Catherine Henry Lawyers release new free women’s health law eBook

Catherine Henry Lawyers release new free women’s health law eBook

Local firm, Catherine Henry Lawyers has produced a free eBook to help women better understand their legal rights in relation to women’s health issues.

Your Body Your Health: A Legal Guide to Women’s Health was launched at a forum at Fort Scratchley in Newcastle during Women’s Health Week.

The community resource was written by the Principal Lawyer, Catherine Henry, and the firm’s other female health lawyers.

More than 70 people gathered at the forum to discuss how the law can support women’s health. A panel of Hunter women discussed the challenges facing women in health and what can be done to advance women’s interests, rights, and outcomes.

The panellists were Member for Wallsend, Sonia Hornery MP; Maroba Aged Care CEO, Viv Allanson; Victims of Crime Assistance League Newcastle CEO, Kerrie Thompson; GP Specialist in Reproductive and Sexual Health, Dr Phoebe Walsh; and Oasis Solutions Principal, former nurse and academic, Dr Shirley Shulz-Robinson.

Catherine said for three decades she has litigated cases for women experiencing poor or avoidable health outcomes. She has advocated for women whose health concerns have neither been taken seriously or ignored, lobbied for reform to health care rights such as informed birth choices and access to abortion and supported women who’ve had primary responsibility for aged parents bringing focus to unacceptable aged care practices.

“Our health law team see the whole range of health issues that women face,” Catherine said.

“We wanted to write a comprehensive guide – from before the cradle to grave – to help women know their legal rights in relation to health issues.”

Topics covered in the book include abortion, contraception, pregnancy, childbirth, surgery, healthy ageing, chronic pain, sexual and other violence, mental health, making complaints, and aged care.

“The book has had a long gestation period because there is a lot of information to cover. We will continue to update it to provide a useful and comprehensive resource,” Catherine said.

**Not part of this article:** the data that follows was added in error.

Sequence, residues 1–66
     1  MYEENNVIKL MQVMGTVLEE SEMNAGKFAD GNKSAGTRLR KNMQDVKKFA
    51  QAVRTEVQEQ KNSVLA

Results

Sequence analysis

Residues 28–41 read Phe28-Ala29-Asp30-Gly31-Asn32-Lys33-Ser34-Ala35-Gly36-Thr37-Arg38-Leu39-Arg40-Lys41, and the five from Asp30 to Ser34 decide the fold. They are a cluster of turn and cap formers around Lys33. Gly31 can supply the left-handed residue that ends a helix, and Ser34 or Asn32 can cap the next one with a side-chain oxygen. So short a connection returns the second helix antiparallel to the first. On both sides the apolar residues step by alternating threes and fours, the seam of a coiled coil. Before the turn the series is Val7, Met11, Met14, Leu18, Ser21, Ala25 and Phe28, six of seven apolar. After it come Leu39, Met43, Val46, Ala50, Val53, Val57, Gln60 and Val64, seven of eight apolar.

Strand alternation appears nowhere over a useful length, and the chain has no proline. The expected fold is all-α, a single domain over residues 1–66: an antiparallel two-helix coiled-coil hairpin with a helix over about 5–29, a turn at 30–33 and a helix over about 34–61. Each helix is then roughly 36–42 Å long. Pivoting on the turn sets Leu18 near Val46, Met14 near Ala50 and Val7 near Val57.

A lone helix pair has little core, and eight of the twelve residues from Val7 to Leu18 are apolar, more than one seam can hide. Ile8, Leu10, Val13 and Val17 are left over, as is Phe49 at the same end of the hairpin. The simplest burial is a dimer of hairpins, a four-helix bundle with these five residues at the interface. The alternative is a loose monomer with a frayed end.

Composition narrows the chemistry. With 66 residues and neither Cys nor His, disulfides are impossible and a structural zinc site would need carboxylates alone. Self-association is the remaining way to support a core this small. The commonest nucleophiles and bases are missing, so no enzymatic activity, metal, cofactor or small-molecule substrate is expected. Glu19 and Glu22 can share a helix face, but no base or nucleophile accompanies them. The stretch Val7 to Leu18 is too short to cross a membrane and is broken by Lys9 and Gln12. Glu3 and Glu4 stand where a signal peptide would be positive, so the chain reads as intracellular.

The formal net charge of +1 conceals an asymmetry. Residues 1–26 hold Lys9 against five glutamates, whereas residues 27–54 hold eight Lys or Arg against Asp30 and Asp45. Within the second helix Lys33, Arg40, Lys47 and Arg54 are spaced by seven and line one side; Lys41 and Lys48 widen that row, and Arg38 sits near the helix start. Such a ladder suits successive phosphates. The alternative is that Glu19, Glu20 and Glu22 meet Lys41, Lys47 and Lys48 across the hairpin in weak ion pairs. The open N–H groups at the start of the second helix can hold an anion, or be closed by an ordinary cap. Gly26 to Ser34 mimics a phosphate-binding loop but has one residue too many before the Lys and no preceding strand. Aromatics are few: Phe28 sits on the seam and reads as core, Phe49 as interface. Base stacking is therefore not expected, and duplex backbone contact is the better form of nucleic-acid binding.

“Women live longer and have worse health outcomes than men. They use the health system more than men.”

Catherine said women have long battled misogyny in the healthcare sector and the legal system with women’s health issues and their impacts not taken as seriously as they should be.

“Women have historically been treated as guinea pigs by the medical industry with devastating consequences. Implants, hormone replacement therapy and vaginal mesh are three examples,” Catherine said.

The panel agreed that access to health and aged care is a major issue for women, particularly for women in regional and rural areas.

Shirley said access to multi-disciplinary care via community health centres and mental health nurses has diminished. She said there needs to be a greater focus on providing culturally appropriate and gender appropriate care.

“The casualisation of the health workforce made it difficult for staff to provide proper care to patients,” Shirley said.

Viv said women were over-represented in caring for older people as family members and aged care services. She said while this task is rewarding, it can be a burden on women financially and on their own well-being. She called on governments and citizens to realise more funding in health and aged care is needed.

“We can’t keep doing the same thing and expect things to get better,” Viv said.

“As a society we need to better look after people needing health and aged care and those who care for them.”

On the question of what the audience and other members of the community can do to help improve women’s health, the panel was unanimous. They agreed governments needed to invest more in services and pay attention to what front line services and staff say are the problems and solutions and that there needs to be more studies into adverse events and more public reporting of data on those events and other aspects of health care.

“When things go wrong it is the person on the front line who is blamed but the issue is often systemic,” Shirley said.

Sonia encouraged people to make their views on health and aged care known rather than saying nothing. She said people should make representations on specific matters to health care providers and politicians.

 

IMAGE | The eBook launch at a forum at Fort Scratchley in Newcastle during Women’s Health Week.

Catherine Henry Lawyers

The team at Newcastle-based Catherine Henry Lawyers are highly experienced specialists in health and medical law, relationship and family law, elder law, wills and estates, property buying and selling, as well as criminal and traffic law.

Their clients tell them that their lawyers are exceptional listeners, supportive and accessible. They make sure your voice is heard.

You can trust Catherine Henry Lawyers to give you robust representation and level-headed advice. That’s why they are the preferred referral firm for many other lawyers.

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